Mind the gap (between arrival times) and cash in
HAS your journey to work been thwarted by delays in the past six months? Well, Tube passengers have failed to claim rebates worth a total of almost £20m, according to a website that is amassing a cult following among disgruntled commuters.
Since the start of July, there have been 1,514 severe delays on the Underground and rebates worth £19.88m have gone unclaimed, according to Mytubewaslate.com. The largest monthly sum that commuters failed to claim was £4.55m in October.
Passengers delayed by 15 minutes or more for reasons within the control of Transport for London (TfL) are entitled to a full refund. These come in the form of vouchers in the post, which can be used to top up your Oyster prepay or put towards the cost of your monthly travel card.
Delays due to security alerts, third party action and bad weather don’t qualify, but signal failure or late completion of engineering works do. The delay is across your whole journey, so if you’re delayed for a total of a quarter of an hour across different tube lines you’re still entitled to claim – as long as you do so within two weeks.
You can also get a refund on DLR services delayed by 15 minutes or more and London Overground services running at least 30 minutes late.
You can claim through the TfL website (tfl.gov.uk). Mytubewaslate.com, which is free to use, aims to simplify the claims process. By inputting your regular journeys, it alerts you when there were severe delays to your line and sends you the refund form. For other rail operators in the UK as well as the London Underground, a similar free service is offered by Traindelays.co.uk.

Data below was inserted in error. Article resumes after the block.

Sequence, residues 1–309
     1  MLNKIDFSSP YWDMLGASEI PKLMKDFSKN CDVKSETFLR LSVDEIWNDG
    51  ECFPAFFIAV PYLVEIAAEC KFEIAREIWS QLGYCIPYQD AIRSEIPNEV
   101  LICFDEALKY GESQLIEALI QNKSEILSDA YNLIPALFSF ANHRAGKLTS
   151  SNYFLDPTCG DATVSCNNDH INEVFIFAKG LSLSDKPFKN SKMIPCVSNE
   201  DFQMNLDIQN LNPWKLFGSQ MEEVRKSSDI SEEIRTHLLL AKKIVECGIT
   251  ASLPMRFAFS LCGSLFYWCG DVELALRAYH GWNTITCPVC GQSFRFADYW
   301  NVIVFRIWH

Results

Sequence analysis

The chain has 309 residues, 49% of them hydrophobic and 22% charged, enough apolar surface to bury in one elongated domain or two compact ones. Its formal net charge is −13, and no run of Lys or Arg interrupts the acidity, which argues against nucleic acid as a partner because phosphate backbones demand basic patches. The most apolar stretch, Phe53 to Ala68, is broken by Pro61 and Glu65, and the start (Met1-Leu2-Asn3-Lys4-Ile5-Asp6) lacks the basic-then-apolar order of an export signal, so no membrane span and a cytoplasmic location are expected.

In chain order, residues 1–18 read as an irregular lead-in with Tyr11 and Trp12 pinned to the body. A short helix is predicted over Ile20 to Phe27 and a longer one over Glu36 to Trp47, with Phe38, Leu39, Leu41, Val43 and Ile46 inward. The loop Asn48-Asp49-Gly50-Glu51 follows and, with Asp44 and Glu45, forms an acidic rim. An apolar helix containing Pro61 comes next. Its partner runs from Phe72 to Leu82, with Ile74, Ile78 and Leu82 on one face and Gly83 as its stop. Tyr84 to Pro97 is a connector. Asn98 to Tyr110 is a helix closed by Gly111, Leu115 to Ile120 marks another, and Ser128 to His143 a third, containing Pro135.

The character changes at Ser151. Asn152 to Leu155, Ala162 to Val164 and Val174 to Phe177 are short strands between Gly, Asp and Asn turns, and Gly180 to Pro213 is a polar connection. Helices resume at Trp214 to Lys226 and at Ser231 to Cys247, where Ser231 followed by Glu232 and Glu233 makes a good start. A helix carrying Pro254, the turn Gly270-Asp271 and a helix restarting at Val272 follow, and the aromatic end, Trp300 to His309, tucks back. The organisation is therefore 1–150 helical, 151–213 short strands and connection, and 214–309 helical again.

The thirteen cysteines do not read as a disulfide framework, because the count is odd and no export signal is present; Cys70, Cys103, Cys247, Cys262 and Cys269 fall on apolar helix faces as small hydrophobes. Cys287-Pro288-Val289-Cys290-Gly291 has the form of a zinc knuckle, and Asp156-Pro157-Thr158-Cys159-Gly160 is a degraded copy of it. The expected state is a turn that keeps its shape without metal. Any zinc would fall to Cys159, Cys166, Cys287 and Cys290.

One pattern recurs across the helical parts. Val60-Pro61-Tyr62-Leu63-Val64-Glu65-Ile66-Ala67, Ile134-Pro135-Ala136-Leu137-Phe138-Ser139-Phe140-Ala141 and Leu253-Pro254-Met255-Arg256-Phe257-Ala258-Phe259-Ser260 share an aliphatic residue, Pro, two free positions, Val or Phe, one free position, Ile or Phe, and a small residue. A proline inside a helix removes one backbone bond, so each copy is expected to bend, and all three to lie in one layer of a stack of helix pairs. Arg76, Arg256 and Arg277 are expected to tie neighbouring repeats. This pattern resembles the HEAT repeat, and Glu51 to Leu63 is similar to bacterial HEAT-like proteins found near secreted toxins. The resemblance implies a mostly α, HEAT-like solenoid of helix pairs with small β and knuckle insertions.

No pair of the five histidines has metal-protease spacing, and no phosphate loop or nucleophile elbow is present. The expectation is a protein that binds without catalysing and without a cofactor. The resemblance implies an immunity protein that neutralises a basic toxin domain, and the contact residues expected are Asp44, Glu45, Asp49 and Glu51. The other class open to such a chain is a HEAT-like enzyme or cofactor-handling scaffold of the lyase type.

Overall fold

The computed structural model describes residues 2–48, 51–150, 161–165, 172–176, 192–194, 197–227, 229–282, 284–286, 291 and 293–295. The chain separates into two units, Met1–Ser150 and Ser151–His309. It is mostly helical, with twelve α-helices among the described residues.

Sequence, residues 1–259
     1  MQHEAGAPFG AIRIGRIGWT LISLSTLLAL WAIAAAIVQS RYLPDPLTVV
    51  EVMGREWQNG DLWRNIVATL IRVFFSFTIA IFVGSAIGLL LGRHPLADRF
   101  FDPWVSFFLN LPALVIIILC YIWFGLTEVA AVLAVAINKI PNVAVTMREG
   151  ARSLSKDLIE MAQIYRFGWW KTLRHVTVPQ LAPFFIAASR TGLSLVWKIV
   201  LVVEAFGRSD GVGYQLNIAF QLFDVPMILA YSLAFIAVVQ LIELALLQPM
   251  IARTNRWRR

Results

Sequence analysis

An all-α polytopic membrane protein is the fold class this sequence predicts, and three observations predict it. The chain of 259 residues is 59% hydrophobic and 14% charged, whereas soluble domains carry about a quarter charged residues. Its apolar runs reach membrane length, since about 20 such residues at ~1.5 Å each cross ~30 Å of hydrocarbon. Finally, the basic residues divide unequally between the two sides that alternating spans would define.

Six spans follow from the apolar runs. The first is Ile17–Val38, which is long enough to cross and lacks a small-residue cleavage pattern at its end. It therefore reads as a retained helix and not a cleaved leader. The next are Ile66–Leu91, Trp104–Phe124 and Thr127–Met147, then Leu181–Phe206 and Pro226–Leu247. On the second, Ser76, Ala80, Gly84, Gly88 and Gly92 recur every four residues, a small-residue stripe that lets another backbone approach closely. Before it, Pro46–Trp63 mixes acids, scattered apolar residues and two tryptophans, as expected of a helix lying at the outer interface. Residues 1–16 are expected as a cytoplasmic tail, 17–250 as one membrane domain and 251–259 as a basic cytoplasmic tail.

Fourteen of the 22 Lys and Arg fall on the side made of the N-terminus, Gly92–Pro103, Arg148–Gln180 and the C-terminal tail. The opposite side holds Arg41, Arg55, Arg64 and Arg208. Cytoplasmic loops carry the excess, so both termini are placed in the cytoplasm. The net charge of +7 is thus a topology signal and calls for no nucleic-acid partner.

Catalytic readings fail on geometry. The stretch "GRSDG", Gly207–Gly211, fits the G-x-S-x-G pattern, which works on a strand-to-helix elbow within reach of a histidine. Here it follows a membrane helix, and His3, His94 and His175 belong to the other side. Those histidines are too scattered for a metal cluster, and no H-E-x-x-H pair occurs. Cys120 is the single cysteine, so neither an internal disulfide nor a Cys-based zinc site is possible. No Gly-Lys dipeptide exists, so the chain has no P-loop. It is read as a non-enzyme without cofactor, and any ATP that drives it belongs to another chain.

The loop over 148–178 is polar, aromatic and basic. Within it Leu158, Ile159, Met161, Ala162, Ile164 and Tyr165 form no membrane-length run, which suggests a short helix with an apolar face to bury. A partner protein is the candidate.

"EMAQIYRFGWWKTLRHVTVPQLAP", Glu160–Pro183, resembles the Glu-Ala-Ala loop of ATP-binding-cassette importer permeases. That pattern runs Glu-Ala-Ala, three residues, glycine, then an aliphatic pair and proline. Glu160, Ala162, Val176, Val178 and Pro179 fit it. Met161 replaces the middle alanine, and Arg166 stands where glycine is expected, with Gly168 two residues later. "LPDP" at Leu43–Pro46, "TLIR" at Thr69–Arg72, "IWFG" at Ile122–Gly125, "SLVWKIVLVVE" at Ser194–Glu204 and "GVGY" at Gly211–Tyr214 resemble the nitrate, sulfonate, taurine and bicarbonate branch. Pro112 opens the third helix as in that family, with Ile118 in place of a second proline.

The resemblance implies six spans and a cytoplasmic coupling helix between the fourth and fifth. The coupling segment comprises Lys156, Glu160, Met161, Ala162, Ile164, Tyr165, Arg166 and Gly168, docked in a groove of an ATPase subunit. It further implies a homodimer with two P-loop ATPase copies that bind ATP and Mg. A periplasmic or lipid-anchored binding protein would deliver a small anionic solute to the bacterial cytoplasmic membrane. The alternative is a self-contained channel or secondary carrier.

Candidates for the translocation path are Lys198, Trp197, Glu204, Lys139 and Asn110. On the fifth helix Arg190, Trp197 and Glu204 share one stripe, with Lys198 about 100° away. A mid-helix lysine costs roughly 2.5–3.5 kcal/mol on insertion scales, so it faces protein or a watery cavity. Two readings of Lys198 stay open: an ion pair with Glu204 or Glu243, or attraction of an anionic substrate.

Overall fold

The potential savings are substantial: commuters in zones 1-4 with one delayed Tube journey a week could make £145 over the course of a year.
Connor Kinnear, who founded Mytubewaslate.com early last year, says many people are unaware of the ability to claim.
“Regular passengers of the district and jubilee lines, which were the worst performing in December, will have had first-hand experience of TfL’s sporadic service,” he says.
“If that wasn’t hard enough to swallow, Tube fares have just gone up by 6 per cent. We hope to encourage commuters to habitually claim refunds, because too many people don’t realise they’re entitled to their money back for poor service.”